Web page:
Our finding for HF without antecedent coronary disease was similar to the Framingham data20
in men. As expected, hypertensive men had a higher lifetime risk of HF than normotensive.
Influence of lifestyle factors and lifetime risk of HF
In this cohort, we noted that regular exercise, not smoking, maintaining a normal weight, consumption of fruit and vegetables, breakfast cereal, and moderate alcohol consumption were individually and jointly associated with a lower lifetime risk of HF. The lowest risk was observed in people with 4 or more healthy lifestyle factors. Our data were robust in that restriction to 3 common lifestyle factors (exercise, smoking, and adiposity) yielded similar results and accounting for change in lifestyle factor overtime further strengthened the results.
To the best of our knowledge, this is the first study to examine the influence of modifiable lifestyle factors on the remaining lifetime risk of HF in a large cohort. Of note is that the lifetime risk was 22% in people without any of the desirable healthy lifestyle factors considered. This is about the same risk observed among men in the Framingham Heart Study who were the same age (40 y) and suggests that education alone without adherence to healthy lifestyle factors may not be adequate to lower the lifetime risk of HF. To the contrary, our data suggest that maintenance of healthy habits known to lower the risk of cardiovascular disease remains critical to lowering the risk of HF.
Study strengths and limitations
The large number of participants, 22+ years of follow up, and the standardized methods of endpoints ascertainment are major strengths of this study. On the other hand, the fact that all participants were male physicians, most of whom were Caucasians limits the generalizabilty of the current findings. In addition, we were unable to examine the lifetime risk of systolic versus diastolic HF and we did not have data on the etiology of HF. Although the ascertainment of HF in this study was self-reported, the high confirmation rates of HF diagnosis using Framingham criteria and review of medical records on 2 subsamples is reassuring that we had a reasonable case ascertainment in this study. Nevertheless, we can not exclude misclassification of some cases of HF in this study. It is possible that change in lifestyle factors before incident HF may have led to an underestimation of the effect measure. However, findings accounting for change in lifestyle factors over time yielded similar conclusions, suggesting that such bias may not completely explain our findings. Furthermore, we had reasonable Pearson’s correlation coefficients or levels of agreement across repeated measures as noted above. We were unable to account for early lifestyle factors for men who entered the study at an older age (i.e. 75+ y) despite the 22 years of follow up. Lastly, in the absence of randomization of studied lifestyle factors, we can not exclude unmeasured or residual confounding as partial or complete explanation of these findings.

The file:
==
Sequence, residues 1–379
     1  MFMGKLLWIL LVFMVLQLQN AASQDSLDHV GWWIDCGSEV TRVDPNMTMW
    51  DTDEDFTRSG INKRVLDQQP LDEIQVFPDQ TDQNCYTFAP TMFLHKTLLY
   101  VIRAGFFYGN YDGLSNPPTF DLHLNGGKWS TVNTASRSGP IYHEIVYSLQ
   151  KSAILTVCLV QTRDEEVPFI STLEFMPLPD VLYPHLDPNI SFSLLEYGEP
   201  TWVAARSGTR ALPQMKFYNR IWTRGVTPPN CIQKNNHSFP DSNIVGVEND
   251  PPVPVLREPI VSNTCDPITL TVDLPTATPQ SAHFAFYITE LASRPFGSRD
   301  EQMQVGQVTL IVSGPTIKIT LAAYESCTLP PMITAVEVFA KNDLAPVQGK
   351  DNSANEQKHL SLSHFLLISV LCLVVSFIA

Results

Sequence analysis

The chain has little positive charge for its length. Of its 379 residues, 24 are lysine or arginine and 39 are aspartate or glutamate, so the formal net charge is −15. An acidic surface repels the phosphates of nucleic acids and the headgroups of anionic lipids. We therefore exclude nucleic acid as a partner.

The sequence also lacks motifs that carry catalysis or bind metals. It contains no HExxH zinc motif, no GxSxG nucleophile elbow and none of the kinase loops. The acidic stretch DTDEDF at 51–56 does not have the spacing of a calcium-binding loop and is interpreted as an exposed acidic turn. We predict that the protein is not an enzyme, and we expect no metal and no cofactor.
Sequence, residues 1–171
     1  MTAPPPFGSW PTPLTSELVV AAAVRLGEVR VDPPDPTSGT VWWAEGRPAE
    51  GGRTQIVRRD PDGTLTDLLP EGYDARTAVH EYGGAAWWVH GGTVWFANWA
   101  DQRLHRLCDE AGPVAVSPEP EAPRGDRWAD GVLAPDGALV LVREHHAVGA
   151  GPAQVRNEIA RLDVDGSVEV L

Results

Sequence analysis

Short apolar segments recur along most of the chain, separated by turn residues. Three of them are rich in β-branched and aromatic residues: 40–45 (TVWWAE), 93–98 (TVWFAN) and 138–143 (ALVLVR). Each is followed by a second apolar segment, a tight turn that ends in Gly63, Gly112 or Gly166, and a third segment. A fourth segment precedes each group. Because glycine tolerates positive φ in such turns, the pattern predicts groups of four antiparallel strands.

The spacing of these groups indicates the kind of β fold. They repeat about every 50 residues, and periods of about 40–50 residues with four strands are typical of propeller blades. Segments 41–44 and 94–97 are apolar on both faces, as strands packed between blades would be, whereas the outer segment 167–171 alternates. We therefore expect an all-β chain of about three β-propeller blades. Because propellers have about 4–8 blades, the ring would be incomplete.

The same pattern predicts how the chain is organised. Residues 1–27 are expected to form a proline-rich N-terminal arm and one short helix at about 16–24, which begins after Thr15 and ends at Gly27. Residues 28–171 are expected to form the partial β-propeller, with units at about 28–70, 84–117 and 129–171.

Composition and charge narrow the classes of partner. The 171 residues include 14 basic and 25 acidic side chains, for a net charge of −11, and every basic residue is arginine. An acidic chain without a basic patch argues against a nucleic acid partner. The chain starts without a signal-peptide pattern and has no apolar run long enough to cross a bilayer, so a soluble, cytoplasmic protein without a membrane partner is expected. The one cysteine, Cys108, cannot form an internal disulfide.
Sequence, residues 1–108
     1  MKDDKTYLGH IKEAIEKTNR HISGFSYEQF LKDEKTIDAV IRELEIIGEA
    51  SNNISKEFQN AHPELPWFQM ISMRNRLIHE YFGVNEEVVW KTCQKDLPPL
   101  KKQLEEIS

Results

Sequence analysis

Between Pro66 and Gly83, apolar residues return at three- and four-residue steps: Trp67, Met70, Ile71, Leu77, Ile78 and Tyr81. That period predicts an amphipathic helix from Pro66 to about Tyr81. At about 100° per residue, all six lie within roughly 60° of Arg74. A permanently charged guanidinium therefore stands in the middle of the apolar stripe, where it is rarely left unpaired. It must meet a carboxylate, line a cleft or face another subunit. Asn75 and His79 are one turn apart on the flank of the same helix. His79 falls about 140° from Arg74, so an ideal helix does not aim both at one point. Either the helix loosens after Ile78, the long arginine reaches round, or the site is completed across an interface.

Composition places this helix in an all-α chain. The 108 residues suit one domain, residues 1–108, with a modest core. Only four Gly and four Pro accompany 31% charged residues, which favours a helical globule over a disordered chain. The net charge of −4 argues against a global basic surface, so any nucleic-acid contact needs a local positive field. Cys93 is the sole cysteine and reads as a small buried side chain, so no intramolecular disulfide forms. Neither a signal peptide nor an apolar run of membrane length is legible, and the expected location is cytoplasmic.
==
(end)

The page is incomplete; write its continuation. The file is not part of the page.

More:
Public health and clinical implications
Our data provide further evidence supporting a high burden of HF, even among those with a higher educational attainment. Our estimate of lifetime risk of HF could help public health official allocate resources for the prevention and management of this condition. Our findings of a low lifetime risk in people who adhere to modifiable lifestyle factors emphasize the need for incorporation of these behaviors in prevention strategies against HF both at individual and population level.